Creating awareness, cultivating healthy habits, promoting healthy lifestyle and state-of-the-art medical infrastructure across the state are the pillars of a healthy state. Emphasis should be given to preventive and promotive healthcare which is a big component in providing the healthcare services to the people.
Now let us understand the three ‘Ps’:
Prevention – Immunisation and inculcating healthy habits
Promotion – Nutrition, diet, exercise and healthy lifestyle
Primary – Health and wellness centres, oral hygiene, woman and childcare
The three ‘Ps’ are the backbone of any state’s healthcare system, and it reiterates the necessity of efficient health facilities right at the primary health level. Under the Union government’s Ayushman Bharat Scheme, 1.5 lakh health and wellness centres are being built across the country.
Maharashtra, being a progressive state, has good infrastructure facility at all the levels – primary, secondary and tertiary. However, when we look closely, the health infrastructure in rural areas is in the process of expansion. We need to upgrade the available health infrastructure, strengthen the system and make healthcare available and accessible to all.
The present gap in the healthcare services can be filled by adopting the Public-Private Partnership (PPP) model. The immediate solution to solve this crisis is a health insurance scheme that can assure health insurance to all.
Our Honourable Prime Minister Shri Narendra Modi launched the Ayushman Bharat Scheme to fulfil the visions – Health for All and Universal Health Coverage – enshrined in the National Health Policy 2017. The scheme is truly federal in nature and is a transition from segmented, sectoral and fragmented programme implementation models towards a comprehensive, holistic, need-based healthcare system. It has two components – primary level coverage through health and wellness centres(HWCS) and secondary and tertiary level coverage through Pradhan Mantri Jan ArogyaYojana (PM-JAY).
AYUSHMAN BHARAT SCHEME
HEALTH & WELLNESS PM-JAY
For primary medical For secondary and tertiary
facilities medical facilities
1.5 lakh wellness centres Cashless medical insurance
will be setup across India to cover of Rs5 lakh per
offer facilities including family per year for more
obstetrics, dentistry, than 10 crore economically
psychiatry, geriatrics and deprived families for more
diagnosis of ailments like than 1,300 procedures,
blood pressure, diabetes, etc. which can be availed
all across India
PM-JAY seeks to provide financial protection for accessing curative care at secondary and tertiary levels to the bottom 40% of the population. It will cover over 10.74 crore vulnerable families across the country through engagement with PPP.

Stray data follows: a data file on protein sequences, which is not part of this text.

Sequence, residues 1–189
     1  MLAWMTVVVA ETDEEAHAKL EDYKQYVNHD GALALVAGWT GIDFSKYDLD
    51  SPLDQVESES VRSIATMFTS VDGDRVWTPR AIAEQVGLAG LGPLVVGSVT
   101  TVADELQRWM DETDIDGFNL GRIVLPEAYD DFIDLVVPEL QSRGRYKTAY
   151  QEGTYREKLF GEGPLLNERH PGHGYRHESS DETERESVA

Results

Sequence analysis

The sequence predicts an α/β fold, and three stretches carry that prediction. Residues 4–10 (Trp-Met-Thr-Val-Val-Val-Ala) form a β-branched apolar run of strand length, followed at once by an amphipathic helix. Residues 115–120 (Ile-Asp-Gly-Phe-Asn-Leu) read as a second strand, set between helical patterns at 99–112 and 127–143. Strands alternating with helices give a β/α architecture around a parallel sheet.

Ayushman Bharat and Mahatma Phule Jan Aarogya Yojana have benefited 24.76 lakh people so far in Maharashtra. Under Ayushman Bharat, 1,300 procedures are carried out. Mahatma Phule Jan Aarogya Yojana caters to people through 971 procedures that have been designed as per the requirement of the people living in Maharashtra. Health insurance scheme assures health services through private hospitals.
The government has, so far, paid the health insurance for 2.23 crore people every year for six years. A total of 493 hospitals at district, taluka and village levels are empanelled with the government under Mahatma Phule Jan Aarogya Yojana. The state has managed to cover 90% of the population through the insurance scheme. Maharashtra is the only state, which has rolled out India’s biggest state healthcare scheme.
Integration of the available resources, effective utilisation and implementation are the core issues the state is focusing on. The government has worked out a holistic and integrated solution in order to help the poor and needy. Cashless insurance schemes provide a major relief to the poor. It helps reduce the financial burden on the patients and their families. We need to spread awareness of such schemes so that more and more people can be benefitted.
In a developing country like ours, health insurance can be a game-changer and uplift the health index of the common people. With the rising disease burden, the health cost is also increasing. Incidence of diseases is also very high. The time has come when we should have health insurance for all in order to build a healthy state.
One more important aspect of health is to identify the burden of diseases. The state government needs facilities to analyse the disease pattern, determine the burden, pinpoint the challenges, evaluate the magnitude and form a decisive strategy to prevent and treat them.
Identifying new disease patterns will prove to be much more crucial in preventing and curtailing them at the primary health centre level itself. Upgrading health infrastructure, introducing preventive measures, focussing on early detection and treatment and strict compliance are the paths to build a Healthy Maharashtra.
The author is the CEO of the Mahatma Jyotiba Phule Jan Aarogya Yojana